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Gary Moser

"Connors played in an era which consisted on players such as John McEnroe,
Ivan Lendl, and Bjorn Borg and he still managed to win eight Grand Slam titles."
Although it may be merely ignorance on the part of the writer, what a GROSS misrepresentation!

Connors won his first 3 Slams in 1974, and his 4th in 1976.

McEnroe didn't play in his first Slam until 1977; Lendl's first was in 1978.

So, at best, Connors won only FOUR where he had to contend with Borg/McEnroe/Lendl.


Federer listed at 16 slams. Why take away the last Wimbledon win. It was precious.

Gary Moser

Rafa is shown with 11, and Novak with 5, so this didn't come out recently.

Hence, the title of the post starts with "List Needing Revision?"


This article needs updating for sure.


Some revision, really (the article was published on June 26 2012, just before @17).


RE: Connor's 109. Check out the competition in... I don't know... A TON of those. I'm too lazy to re-look it up, but just check his wins in his "stellar" year. He beat lots of people you never heard of. Mostly weak 250 type tourneys.

Gary Moser

Even worse, the one "people" [ read: opponent ] we've heard of most,
KEN ROSEWALL, who Jimbo vanquished in not one but two Slam finals that year,
was, what, 5'6" and 145 pounds?.....and 39 years old.

Just a little easier pickings than what we've had lately, huh?


Gary, you're more expert than I am but Rosewall was no pushover. "Muscles" was good. This was not an age of power tennis as we have now. Nor was fitness, racquet technology up there with the retinue of trainers, dieticians, etc etc that we have now. So beating Rosewall was an achievement , as was staying healthy to play all those "weak 250 tourneys " without todays retinue of helpers.
It's a shock to my system to realise that I was following tennis back then ( since 1960 in fact) , though all we got was wimbledon.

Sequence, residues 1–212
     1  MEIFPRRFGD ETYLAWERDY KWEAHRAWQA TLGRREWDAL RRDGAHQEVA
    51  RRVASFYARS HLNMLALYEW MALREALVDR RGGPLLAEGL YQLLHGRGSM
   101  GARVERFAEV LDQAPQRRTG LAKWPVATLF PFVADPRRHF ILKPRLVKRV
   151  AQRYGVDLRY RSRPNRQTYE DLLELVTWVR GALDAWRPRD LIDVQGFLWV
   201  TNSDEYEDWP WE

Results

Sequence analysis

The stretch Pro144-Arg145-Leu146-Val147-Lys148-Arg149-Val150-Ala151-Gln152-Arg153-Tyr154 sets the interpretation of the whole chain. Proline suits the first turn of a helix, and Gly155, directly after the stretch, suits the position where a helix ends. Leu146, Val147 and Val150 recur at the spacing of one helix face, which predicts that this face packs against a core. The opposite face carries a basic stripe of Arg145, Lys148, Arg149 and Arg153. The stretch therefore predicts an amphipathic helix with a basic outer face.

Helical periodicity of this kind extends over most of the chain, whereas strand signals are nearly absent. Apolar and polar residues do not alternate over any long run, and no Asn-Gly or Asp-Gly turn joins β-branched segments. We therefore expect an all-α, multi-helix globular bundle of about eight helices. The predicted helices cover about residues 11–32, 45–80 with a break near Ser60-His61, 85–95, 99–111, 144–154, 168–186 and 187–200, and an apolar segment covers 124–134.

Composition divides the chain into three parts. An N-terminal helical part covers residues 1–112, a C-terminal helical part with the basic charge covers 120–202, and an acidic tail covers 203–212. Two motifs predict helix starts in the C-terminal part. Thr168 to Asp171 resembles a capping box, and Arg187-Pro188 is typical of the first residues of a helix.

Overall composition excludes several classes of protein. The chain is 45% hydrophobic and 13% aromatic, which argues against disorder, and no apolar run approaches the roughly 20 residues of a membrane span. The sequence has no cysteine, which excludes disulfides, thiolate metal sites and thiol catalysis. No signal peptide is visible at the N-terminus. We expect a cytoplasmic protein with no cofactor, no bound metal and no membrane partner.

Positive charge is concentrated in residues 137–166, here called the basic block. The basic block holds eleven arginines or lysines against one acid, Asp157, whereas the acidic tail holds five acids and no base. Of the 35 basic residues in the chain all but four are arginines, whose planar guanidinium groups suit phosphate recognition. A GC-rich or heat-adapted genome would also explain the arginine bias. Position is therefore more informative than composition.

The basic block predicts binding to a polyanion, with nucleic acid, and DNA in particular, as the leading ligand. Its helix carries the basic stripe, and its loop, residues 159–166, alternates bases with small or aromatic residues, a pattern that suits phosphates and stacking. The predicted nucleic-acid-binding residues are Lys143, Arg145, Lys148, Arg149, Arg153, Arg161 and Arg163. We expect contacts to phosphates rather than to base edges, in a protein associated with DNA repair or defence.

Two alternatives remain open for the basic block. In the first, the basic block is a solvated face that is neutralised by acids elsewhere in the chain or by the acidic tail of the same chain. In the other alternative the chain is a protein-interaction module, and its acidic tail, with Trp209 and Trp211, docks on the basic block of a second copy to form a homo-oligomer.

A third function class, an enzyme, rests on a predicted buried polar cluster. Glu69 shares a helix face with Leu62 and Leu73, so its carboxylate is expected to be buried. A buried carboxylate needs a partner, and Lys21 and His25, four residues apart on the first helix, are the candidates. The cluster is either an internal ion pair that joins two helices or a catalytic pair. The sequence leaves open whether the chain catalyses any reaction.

Gary Moser

Stella, there's no hard evidence that I am "more expert" than yourself.
Little if any soft evidence, even. But thanks, anyway! :->

Unfortunately, Rosewall WAS a pushover in those 2 Finals,
winning only 8 out of 44 games collectively.

But I believe my larger point is really the same that you're making:
that this current era of power tennis totally transcends what came before.
And that, even if the best of the old-timers --- and Ken was certainly one of them --
were to have the fitness, racquet technology, et. al. that exists now,
the limited physical stature of some of them --- most notably Ken ---
would IMO make it impossible for them to compete with the Roger/Rafa/Novak juggernaut.

I don't even have to look back to the 1960s or 1970s to reach this conclusion.
In the Sampras/Agassi era, a 5'9" 160-lb Michael Chang made it to FOUR Slam Finals.
In the current era, two same-size-and-same-game-as-Chang guys [ Ferrer & Davydenko ]
have been lucky to make it to ONE between them.

Personal History Note: I may have watched a few matches earlier in my life,
but the first one chronologically that I have a vivid memory of
is Laver's win over Roche in the 1969 USO to complete his 2nd Calendar GS.
No wonder I've been hooked ever since! :->


Here's the link to his famous 93-6 1974. http://www.atpworldtour.com/Tennis/Players/Co/J/Jimmy-Connors.aspx?t=pa&y=1974&m=s&e=0# A year ago or something I was doing extremely intense research on tournament strength. Believe it or not, I programmed a very cool Excel spreadsheet with the draws of all the tournaments. (I never finished the project.) I then put the top 25 (a complex method which averaged ranking by month) and then linked the two sheets. The program found which of the top 25 were in each tournament. I gave the number 1 ranking (say) 25 points, and the 25th ranked player (say 1 point... I don't remember.) One year, and I think it was 74, Connors was the only top 25 player (THE ONLY!!!) in a bunch of tournaments he naturally won. Sorta like Djokovic playing challengers. I daresay with that competition, there are 15 players today that could have racked up a 93-6.

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